The mastodon lumbered toward him, surprisingly delicate feet attached to gargantuan legs shuffling across the hard earth, the shadow shrinking, becoming more human with each step, until a young, dark-skinned man wearing several pelts, knelt down beside him, leaning his bald, tattooed head over him, peering at him with eyes framed by old-fashioned wire rims. “My rucksack?” Noel said, doubting there was much chance the man spoke English.

Scowling curiously, the man reached for something above Noel’s head, but when Noel heard the sound of water sloshing and dripping back into a vessel, he knew this stranger did not understand. The man smiled as he held a wet cloth above Noel’s mouth, nodding for him to open and take a drink.  Gratefully, he accepted, closing his eyes as the water spilled into his mouth. A moment later, the man began gently running the cool cloth over his brow, under his chin, across his shoulders, wiping the sweat from him, but as he began to pull back one of the leaves to check his wounds, Noel took his hand, shaking his head. “You’re wasting your time. I need my rucksack… My er… Bag? Carryall? Duffle? Christ. Where the hell is Phileas and his thousand tongues when I need him?”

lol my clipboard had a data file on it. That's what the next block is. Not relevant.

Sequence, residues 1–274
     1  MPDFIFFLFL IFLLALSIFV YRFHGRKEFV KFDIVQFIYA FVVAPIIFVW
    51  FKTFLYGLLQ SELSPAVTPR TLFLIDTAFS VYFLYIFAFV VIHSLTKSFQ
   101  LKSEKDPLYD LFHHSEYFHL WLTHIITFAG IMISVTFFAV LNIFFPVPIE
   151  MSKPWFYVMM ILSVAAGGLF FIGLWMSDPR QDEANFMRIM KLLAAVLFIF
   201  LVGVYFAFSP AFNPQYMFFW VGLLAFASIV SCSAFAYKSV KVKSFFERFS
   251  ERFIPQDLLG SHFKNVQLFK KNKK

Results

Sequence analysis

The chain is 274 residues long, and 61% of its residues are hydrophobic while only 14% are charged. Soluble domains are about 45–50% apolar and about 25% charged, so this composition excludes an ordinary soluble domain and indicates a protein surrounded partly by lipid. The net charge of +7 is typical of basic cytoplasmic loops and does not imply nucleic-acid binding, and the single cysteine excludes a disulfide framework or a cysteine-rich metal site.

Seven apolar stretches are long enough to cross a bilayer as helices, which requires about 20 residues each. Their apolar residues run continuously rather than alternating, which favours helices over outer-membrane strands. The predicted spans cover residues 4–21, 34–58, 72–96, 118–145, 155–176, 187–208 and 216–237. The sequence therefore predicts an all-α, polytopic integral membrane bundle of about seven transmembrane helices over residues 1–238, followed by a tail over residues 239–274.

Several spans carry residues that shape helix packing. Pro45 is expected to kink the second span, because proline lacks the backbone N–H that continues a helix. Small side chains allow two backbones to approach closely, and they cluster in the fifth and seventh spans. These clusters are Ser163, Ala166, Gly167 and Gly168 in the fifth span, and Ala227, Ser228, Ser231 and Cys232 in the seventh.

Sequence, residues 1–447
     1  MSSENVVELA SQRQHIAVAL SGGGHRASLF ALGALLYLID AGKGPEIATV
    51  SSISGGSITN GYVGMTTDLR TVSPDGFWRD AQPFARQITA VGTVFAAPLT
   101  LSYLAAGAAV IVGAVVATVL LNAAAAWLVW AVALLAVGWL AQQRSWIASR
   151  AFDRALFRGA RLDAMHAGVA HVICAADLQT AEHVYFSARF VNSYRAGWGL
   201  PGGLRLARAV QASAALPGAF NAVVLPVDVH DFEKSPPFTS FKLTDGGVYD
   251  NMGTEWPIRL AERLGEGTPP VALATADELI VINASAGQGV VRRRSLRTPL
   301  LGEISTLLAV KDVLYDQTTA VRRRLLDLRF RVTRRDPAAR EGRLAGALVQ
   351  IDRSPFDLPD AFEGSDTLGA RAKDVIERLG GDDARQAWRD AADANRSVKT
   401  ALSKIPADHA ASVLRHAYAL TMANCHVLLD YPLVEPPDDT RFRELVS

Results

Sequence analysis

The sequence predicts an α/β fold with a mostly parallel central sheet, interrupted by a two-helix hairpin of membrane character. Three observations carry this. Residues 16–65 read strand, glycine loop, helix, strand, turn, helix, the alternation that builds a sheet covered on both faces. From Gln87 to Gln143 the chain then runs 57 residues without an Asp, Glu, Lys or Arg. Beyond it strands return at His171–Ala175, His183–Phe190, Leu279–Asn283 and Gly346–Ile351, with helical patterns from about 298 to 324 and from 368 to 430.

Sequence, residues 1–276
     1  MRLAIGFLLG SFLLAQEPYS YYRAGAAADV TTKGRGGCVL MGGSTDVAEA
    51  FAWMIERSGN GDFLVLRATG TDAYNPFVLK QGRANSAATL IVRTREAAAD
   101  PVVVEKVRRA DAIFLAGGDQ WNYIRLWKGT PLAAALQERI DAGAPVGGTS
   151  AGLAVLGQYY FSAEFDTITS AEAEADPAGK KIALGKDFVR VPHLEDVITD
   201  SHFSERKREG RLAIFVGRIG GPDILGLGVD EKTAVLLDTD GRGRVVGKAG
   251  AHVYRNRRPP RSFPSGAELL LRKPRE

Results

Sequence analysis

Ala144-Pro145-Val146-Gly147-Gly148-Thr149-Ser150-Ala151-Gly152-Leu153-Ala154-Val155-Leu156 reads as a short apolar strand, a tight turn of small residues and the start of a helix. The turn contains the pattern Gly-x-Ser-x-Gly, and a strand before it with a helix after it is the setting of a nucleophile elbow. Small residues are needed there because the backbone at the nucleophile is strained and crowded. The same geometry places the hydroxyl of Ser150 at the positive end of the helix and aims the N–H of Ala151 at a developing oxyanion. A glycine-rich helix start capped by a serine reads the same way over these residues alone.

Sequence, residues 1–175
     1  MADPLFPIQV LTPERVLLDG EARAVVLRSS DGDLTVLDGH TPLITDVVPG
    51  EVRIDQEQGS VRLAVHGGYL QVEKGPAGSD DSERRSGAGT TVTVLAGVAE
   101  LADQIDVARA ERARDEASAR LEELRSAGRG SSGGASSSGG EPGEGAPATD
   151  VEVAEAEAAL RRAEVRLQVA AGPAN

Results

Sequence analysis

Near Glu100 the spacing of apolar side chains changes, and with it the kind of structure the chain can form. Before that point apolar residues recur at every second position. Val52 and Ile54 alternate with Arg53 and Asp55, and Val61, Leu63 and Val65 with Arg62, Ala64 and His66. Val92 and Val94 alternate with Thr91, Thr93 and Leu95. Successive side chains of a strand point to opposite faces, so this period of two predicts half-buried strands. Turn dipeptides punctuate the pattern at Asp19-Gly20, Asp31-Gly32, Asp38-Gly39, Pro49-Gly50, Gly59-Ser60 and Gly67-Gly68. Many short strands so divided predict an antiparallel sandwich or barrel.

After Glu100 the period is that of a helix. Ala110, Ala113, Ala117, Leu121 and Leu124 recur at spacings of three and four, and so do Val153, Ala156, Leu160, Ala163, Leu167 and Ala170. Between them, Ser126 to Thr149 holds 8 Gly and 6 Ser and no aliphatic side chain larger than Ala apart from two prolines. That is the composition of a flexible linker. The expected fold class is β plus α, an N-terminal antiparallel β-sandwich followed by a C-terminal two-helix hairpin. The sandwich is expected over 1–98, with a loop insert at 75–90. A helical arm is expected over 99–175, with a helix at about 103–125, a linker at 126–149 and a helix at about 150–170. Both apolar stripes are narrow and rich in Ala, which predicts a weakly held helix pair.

The man only pulled his hand away, dipping the rag into the water and wringing it out into the bowl, but before he could return to tending his patient’s wounds, Noel reached out for the cloth. “My rucksack,” He said, laying the rag out over the leaves on his chest, picking each of the four corners up in his fingers, so that it resembled a pouch. He lay the cloth down again and motioned putting imaginary things in the bag before taking it up, slinging it over his shoulder. “Rucksack. My rucksack.”